Unbridled Enthusiasm for a Growing Type of Developmental Rehabilitation: Hippotherapy
by Beverly Hersh
Morgan was diagnosed with cerebral palsy at age 3, one of 10,000 children to be diagnosed with the disorder that year. Doctors had a grim outlook, telling her parents she would probably never be able to walk on her own. Not to be defeated, Morgan’s parents decided to try a novel form of rehabilitation that’s proving to be more successful than many parents could have ever anticipated.
It’s called hippotherapy. Fondly nicknamed “hippo” after the Greek word for horse, this form of rehabilitation is an all-inclusive speech, physical, and occupational therapy strategy that many parents of disabled children are rushing to try. This innovative type of treatment utilizes the unique movement of horses to affect the posture, muscle tone, and balance of patients with medical disorders such as autism, cerebral palsy, sensory integration disorders, and other neuromuscular conditions. The treatment has shown that it is capable of largely improving the impairments of a child’s mental and physical disabilities, including abnormal muscle tone, apraxia, sensory processing disorders, and gait abnormalities.
Those of us who aren’t familiar with horseback riding might be surprised at the incredible amount of strength it takes to maintain balance and posture on a moving horse. Similar muscle groups that are used for walking are used tenfold to stabilize a rider. Hippotherapy achieves its results by employing the rhythmic and repetitive movements of a horse as compulsion to exercise these muscles. The beneficial posture that these movements induce improves speech and communication capabilities because improved posture, as the largest factor affecting breath support, directly correlates to speech capabilities. At the same time, adjusting to compensate for the horse’s movements encourages the patient’s sensorimotor skills. For example, the patient can sit; lay forward, backward or sideways; stand in the stirrups; or lay on their stomach. Patients are assisted by trained therapists who change the rider’s position on the horse to address various other therapeutic goals specific to a certain patient’s needs. Games are integrated into the riding session, such as stretching or catch, to further encourage the patient’s motor and cognitive skills.
Morgan’s cerebral palsy nearly eliminated her ability to understand her own body’s position in relation to itself and to her environment, a sense known as proprioception. Being placed on a large moving animal triggers sensory processing that addresses not only the problem of proprioception, but simultaneously addresses deficits in tactile, visual, and auditory systems. The ability of one treatment to elicit the use of the neurological systems that are most affected by mental disabilities is what prompted Morgan’s parents to seek out the unconventional therapy.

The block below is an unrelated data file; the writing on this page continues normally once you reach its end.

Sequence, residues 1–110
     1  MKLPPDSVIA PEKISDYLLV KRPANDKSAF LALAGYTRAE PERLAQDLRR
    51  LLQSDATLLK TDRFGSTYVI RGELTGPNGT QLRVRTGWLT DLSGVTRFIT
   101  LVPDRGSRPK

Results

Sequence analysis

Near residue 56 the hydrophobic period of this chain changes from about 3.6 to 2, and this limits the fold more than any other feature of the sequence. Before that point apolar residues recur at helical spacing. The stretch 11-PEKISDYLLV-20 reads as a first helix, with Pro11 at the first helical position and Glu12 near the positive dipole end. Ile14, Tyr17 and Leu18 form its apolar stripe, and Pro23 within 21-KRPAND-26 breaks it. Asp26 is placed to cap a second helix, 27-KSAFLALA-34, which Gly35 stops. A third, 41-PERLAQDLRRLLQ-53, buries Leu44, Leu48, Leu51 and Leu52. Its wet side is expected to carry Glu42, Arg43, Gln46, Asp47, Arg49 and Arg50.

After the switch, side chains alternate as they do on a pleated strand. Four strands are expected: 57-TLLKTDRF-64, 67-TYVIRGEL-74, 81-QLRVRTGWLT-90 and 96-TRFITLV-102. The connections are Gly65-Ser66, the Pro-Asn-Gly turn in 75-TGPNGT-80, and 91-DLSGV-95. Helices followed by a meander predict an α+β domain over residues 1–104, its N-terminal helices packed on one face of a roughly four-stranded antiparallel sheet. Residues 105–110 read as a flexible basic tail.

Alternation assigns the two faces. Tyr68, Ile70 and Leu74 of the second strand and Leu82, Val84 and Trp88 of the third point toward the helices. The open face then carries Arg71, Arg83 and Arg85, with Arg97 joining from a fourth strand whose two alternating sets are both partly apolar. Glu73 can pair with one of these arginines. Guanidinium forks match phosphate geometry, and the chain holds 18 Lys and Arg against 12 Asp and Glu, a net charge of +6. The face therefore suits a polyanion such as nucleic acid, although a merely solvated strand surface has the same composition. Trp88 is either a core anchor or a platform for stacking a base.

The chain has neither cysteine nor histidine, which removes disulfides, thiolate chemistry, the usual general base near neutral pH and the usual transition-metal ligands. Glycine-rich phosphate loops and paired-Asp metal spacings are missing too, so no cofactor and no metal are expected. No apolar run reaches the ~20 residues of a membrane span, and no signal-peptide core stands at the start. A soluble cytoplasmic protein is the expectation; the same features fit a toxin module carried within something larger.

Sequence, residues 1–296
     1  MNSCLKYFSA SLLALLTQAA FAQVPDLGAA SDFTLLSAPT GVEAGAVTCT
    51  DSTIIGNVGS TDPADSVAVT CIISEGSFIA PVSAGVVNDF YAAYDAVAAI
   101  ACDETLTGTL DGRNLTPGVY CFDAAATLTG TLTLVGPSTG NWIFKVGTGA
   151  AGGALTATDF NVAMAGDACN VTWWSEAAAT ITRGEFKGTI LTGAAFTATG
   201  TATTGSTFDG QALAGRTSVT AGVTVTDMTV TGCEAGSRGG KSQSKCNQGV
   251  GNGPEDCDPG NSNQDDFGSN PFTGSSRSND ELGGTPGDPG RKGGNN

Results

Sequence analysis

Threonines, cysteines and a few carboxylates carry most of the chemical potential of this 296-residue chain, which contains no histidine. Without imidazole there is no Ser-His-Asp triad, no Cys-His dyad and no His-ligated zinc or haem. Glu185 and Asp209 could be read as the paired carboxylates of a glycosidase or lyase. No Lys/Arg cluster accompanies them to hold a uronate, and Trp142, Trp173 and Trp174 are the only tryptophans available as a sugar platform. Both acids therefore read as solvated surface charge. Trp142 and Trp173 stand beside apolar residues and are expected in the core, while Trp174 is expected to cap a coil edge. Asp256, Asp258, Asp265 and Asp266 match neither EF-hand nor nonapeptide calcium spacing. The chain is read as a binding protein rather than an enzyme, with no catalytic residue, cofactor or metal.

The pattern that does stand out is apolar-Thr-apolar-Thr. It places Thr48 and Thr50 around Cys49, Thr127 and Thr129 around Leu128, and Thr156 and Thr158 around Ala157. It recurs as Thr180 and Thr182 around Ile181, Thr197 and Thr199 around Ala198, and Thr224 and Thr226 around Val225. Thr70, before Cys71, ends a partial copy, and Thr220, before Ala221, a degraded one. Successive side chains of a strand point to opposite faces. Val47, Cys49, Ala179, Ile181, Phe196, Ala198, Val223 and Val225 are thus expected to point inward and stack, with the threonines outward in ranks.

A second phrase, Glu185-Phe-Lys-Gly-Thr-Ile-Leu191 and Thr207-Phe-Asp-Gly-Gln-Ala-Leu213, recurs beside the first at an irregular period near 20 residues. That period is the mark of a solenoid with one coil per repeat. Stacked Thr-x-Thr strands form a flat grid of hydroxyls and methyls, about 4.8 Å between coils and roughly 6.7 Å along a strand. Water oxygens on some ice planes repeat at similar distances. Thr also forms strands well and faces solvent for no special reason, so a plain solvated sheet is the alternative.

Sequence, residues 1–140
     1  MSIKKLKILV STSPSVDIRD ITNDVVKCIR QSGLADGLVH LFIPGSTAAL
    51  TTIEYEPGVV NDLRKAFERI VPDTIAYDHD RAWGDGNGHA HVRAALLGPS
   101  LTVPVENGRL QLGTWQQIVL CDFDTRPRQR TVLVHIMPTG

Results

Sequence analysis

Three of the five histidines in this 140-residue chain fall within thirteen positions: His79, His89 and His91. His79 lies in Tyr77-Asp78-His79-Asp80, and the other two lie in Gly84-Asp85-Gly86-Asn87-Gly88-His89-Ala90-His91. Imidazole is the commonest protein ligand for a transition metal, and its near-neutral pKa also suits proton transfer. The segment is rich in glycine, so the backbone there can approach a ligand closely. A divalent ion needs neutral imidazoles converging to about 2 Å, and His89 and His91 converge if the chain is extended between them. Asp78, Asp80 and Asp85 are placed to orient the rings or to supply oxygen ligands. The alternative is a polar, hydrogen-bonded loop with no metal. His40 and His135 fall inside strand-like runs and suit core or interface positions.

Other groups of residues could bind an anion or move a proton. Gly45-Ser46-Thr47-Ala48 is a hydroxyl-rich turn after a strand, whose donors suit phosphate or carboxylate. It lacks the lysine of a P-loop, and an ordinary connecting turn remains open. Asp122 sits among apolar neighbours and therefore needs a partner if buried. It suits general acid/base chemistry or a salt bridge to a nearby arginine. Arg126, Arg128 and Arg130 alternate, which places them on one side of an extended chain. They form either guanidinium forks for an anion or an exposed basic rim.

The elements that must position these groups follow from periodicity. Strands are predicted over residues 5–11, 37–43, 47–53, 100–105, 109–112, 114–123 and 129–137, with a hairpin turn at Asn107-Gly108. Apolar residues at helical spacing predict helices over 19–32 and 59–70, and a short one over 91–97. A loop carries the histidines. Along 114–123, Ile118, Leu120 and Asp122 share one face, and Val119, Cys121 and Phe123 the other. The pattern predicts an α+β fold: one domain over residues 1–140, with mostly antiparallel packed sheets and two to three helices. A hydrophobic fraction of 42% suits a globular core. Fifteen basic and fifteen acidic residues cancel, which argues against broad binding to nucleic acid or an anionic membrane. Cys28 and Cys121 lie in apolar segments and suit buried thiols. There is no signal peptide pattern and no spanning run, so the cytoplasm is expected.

They were lucky enough to discover Rocking Horse Rehab, an all-inclusive rehabilitation center located at Essex Equestrian Center in West Orange, New Jersey. Rocking Horse Rehab specializes in treating children with an array of mental and physical disabilities using hippotherapy, along with other occupational therapies. Over the course of five years of regular hippotherapy sessions, Morgan grew from a defeated patient, who needed constant assistance, to an encouraged youngster taking independent steps with her walker. Her mother credits Rocking Horse Rehab and hippotherapy for her daughter’s miraculous improvement.
What is it about hippotherapy that makes it such a successful treatment? Well, the innovation in muscle stimulation and sensory processing is a huge part of it, but so is the emotional bonding between patients and horses. According to Rocking Horse Rehab certified pathologist Kathy Lutz, “Equine assisted therapies help students develop mindfulness, being ‘in the moment.’” The bond between horse and rider has not been thoroughly researched, but the parents of many disabled children can see a tangible difference in the way their kids interact with others as they progress through a hippotherapy program. Animal therapy is a widely accepted form of emotional rehabilitation because it encourages patients to interact with living creatures without fearing judgment or comparative resentment. Morgan’s parents have suggested that interacting with horses has taught her how to emotionally connect, something she struggles with due to the effects of cerebral palsy.
Furthermore, the interactions with animals make the therapy sessions more engaging for the patients. Morgan’s mother has said that Morgan doesn’t think of hippotherapy as “therapy,” but as an enjoyable experience she looks forward to every week. The enthusiasm that the children have for hippotherapy only enhances their progress; when patients are more excited about an activity, they are more likely to improve.
The multidimensional treatment of hippotherapy simultaneously stimulates the bodies, minds, and moods of young disabled children, making it an extremely effective therapy, and one that children thoroughly enjoy. Morgan’s improvement was so significant that she was able to move on from hippotherapy to assisted horseback riding lessons. The developmental impact of horses has affected the lives of so many families who have chosen to try hippotherapy treatment. These success stories are little miracles that have allowed families to appreciate the power these majestic animals can bestow on kids who just want to go for a ride.